Michelle Obama isn't the only one turning her family's front yard into a garden.
Throughout the Northwest, people are looking at ways to farm inside city limits.
These small-scale operations aren't likely to put grocery stores out of business. But they are bringing neighbors together, and changing the way we think about urban agriculture. Deena Prichep reports.
|Rather than growing a lawn, this homeowner's front yard is being prepared to farm, as part of the Sellwood Garden Club.|
Two women are running a rototiller, breaking up the dirt to plant fall crops. But this isn't a field in the country - it's a front yard in Southeast Portland.
The Sellwood Garden Club grows more than 200 varieties of crops, and sells to several local restaurants, using just a few dozen front lawns.
Co-founder Marie Richie got the idea from outer space.
Marie Richie: "The Search for Extra-Terrestrial Intelligence inspired my garden you could say."
Now, bear with me here. Back in the late 90s, scientists were sorting through telescope data, looking for a message from another planet. But they had more data than their computers could handle.
So ordinary people volunteered to let their computers crunch the numbers at home.
Sadly, researchers didn't find an alien signal. But they did show how this system, called a distributed network, could work.
|Portland Fruit Tree Project volunteers harvest apples from a front yard farm.|
So Richie thought if unused computers could cycle through data, why can't unused yards grow vegetables? The club uses a distributed network of yards to put a new urban spin on a very old idea.
Marie Richie: "We call it sharecropping, but it's a modern take on it. It's sharing. I mean, the key word in there is share."
Members of the Sellwood Garden Club offer up their lawns and foot the water bill. In exchange, they get a delivery of produce every week.
Farms like this are changing the definition of urban agriculture.
Steve Cohen coordinates food policy programs at Portland's Bureau of Planning and Sustainability. He says having urban planners think about food at all is a fairly recent development.
Steve Cohen: "They thought about transportation, they thought about open space, they thought about housing. But food, which is a very basic requirement for all of us, it was never really on the radar."
Now that's changed. Cohen's agency has started teaching sold-out classes on beekeeping, food preservation, and chickens.
Cities all over are looking at their planning codes, to make sure there's a place for agriculture in urban life. Some existing regulations will stay in place - nobody wants to hear roosters crowing or tractors revving up at six a.m. - but codes are changing to recognize front-yard farming.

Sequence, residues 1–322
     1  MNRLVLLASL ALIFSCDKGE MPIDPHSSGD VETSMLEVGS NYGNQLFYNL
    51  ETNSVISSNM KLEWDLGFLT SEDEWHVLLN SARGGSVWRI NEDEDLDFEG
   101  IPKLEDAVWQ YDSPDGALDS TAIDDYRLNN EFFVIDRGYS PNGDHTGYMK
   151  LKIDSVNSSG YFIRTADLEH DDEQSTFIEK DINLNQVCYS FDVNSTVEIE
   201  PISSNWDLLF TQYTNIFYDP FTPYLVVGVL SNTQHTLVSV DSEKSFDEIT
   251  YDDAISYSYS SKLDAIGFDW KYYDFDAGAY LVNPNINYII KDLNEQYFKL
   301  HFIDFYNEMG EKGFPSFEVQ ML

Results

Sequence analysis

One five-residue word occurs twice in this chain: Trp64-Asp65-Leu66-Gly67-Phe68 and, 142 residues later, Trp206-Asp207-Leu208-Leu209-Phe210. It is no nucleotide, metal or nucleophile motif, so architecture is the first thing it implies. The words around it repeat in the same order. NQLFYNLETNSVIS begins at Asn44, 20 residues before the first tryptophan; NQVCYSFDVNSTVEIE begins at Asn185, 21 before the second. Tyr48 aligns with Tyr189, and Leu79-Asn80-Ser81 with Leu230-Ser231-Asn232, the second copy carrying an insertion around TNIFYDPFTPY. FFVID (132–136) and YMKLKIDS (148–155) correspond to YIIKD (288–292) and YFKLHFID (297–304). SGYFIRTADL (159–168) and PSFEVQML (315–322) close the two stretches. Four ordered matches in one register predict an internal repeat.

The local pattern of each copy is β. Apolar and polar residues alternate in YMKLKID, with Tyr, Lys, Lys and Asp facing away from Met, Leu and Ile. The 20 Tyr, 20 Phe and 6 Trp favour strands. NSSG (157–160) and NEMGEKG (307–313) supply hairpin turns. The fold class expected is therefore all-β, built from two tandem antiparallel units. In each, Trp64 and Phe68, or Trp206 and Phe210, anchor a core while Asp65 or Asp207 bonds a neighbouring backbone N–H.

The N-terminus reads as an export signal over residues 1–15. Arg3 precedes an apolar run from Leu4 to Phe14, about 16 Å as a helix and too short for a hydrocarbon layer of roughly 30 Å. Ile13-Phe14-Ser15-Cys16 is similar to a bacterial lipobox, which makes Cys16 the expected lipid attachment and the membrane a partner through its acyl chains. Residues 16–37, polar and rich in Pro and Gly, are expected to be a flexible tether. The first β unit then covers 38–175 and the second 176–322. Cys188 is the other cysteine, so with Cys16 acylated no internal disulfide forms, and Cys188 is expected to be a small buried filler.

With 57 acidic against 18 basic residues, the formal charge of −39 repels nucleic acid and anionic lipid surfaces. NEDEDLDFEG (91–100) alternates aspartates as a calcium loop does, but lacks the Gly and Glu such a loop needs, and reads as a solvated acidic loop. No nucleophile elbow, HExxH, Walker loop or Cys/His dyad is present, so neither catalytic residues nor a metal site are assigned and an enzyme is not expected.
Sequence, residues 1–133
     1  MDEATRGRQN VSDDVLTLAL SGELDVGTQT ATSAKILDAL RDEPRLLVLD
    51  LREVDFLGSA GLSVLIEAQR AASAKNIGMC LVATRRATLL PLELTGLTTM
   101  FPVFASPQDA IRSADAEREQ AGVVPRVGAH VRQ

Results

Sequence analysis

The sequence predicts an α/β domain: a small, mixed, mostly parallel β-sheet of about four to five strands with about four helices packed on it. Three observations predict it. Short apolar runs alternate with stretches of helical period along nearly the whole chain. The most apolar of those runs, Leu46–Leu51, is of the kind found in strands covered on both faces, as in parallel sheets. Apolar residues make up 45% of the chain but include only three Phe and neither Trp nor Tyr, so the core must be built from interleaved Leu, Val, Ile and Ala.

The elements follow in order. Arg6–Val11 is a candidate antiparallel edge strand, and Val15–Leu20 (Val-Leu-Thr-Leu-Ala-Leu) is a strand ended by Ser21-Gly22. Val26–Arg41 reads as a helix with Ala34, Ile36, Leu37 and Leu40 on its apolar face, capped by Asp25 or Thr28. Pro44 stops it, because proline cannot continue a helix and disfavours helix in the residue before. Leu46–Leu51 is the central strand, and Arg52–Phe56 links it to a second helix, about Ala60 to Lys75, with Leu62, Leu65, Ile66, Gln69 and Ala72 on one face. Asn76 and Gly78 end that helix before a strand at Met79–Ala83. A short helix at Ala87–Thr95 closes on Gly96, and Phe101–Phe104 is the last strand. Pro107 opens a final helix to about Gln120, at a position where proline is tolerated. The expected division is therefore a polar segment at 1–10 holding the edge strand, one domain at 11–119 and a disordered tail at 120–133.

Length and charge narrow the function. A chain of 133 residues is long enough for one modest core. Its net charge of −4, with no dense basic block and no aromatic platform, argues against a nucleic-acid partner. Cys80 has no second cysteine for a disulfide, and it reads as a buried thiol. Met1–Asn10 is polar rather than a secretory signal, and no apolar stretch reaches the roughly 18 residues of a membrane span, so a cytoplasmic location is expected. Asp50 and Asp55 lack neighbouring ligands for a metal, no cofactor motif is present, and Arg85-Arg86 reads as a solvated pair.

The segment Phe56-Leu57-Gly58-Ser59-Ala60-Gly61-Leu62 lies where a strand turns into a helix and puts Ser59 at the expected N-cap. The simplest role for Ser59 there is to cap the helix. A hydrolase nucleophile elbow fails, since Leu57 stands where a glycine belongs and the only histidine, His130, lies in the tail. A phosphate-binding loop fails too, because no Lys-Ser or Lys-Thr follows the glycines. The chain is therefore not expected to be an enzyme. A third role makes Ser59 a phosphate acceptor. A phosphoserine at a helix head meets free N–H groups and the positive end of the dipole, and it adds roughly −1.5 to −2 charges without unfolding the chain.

In another Portland yard, a dozen volunteers are learning about the urban bounty firsthand. They're here for a harvest party with the Portland Fruit Tree Project, and they're picking apples.
Katy Kolker: "Oh, this one's perfect."
Fruit tree owners with more plums, pears and persimmons than they can handle register their trees for a harvest with the Fruit Tree Project.
When the picking is done, half of the fruit goes to a food bank. The other half gets divided among the volunteers.
This year, the Project is on track to harvest an estimated 10,000 pounds of fruit from yards. Katy Kolker founded the group two years ago.
|Box of apples, picked from a front yard by the Portland Fruit Tree Project.|
Katy Kolker: "We're kind of hitting on a need in the community, both from tree owners who aren't able to harvest their fruit, and see that fallen fruit is a nuisance as well as just a shame, and hundreds and hundreds of people who want to come out and help harvest with us."
When the group started, Kolker only knew of a few similar organizations. There was Lettuce Link in Seattle, and the Fruit Tree Project in Vancouver, BC. Kolker doesn't think the geography's a coincidence: much of the Pacific Northwest was built on orchards.
Katy Kolker: "The land that we're on is actually farmland - there's just a lot more houses on it."
Kolker has seen a greater need for the project during the current recession. But like Steve Cohen at the Food Policy Council, she hopes efforts like these lay the groundwork for future harvests, even when the economy improves.
Urban farmers see agriculture in the city not just as a money-saver, but as a way to connect people to their food and their neighbors. And, as Kolker puts it.
Katy Kolker: "The fun of just being out and harvesting fruit." (sounds of apple biting, chewing)
Katy Kolker: "That's a good apple."